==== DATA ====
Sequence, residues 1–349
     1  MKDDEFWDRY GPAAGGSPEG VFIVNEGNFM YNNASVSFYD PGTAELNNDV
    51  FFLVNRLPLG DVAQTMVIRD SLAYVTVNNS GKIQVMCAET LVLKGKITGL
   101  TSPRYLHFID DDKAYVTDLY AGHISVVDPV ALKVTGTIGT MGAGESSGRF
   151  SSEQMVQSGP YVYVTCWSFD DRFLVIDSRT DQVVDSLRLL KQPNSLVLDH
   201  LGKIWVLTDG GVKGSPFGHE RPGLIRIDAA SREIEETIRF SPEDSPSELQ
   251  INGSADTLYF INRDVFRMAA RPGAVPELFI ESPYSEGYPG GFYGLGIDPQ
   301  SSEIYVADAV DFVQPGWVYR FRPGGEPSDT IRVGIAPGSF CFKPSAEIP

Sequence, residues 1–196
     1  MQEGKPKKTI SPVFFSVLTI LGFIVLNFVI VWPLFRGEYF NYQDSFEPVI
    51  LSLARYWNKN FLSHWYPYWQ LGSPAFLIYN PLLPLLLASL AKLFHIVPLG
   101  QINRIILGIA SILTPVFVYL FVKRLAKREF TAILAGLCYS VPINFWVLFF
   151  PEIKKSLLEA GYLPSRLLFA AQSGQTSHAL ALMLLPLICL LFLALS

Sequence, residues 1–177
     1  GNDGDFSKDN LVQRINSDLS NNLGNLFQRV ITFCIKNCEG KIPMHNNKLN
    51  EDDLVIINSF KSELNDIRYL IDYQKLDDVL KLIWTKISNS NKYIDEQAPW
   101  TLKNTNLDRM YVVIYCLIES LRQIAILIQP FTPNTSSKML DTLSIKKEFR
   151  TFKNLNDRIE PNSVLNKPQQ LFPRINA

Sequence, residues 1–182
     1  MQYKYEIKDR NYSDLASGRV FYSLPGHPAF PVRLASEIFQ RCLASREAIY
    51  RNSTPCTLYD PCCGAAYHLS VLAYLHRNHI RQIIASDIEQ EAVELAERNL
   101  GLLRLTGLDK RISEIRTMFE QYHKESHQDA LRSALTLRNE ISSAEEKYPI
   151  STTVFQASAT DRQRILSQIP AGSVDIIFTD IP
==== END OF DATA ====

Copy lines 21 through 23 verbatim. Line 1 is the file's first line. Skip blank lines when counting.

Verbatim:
    51  RNSTPCTLYD PCCGAAYHLS VLAYLHRNHI RQIIASDIEQ EAVELAERNL
   101  GLLRLTGLDK RISEIRTMFE QYHKESHQDA LRSALTLRNE ISSAEEKYPI
   151  STTVFQASAT DRQRILSQIP AGSVDIIFTD IP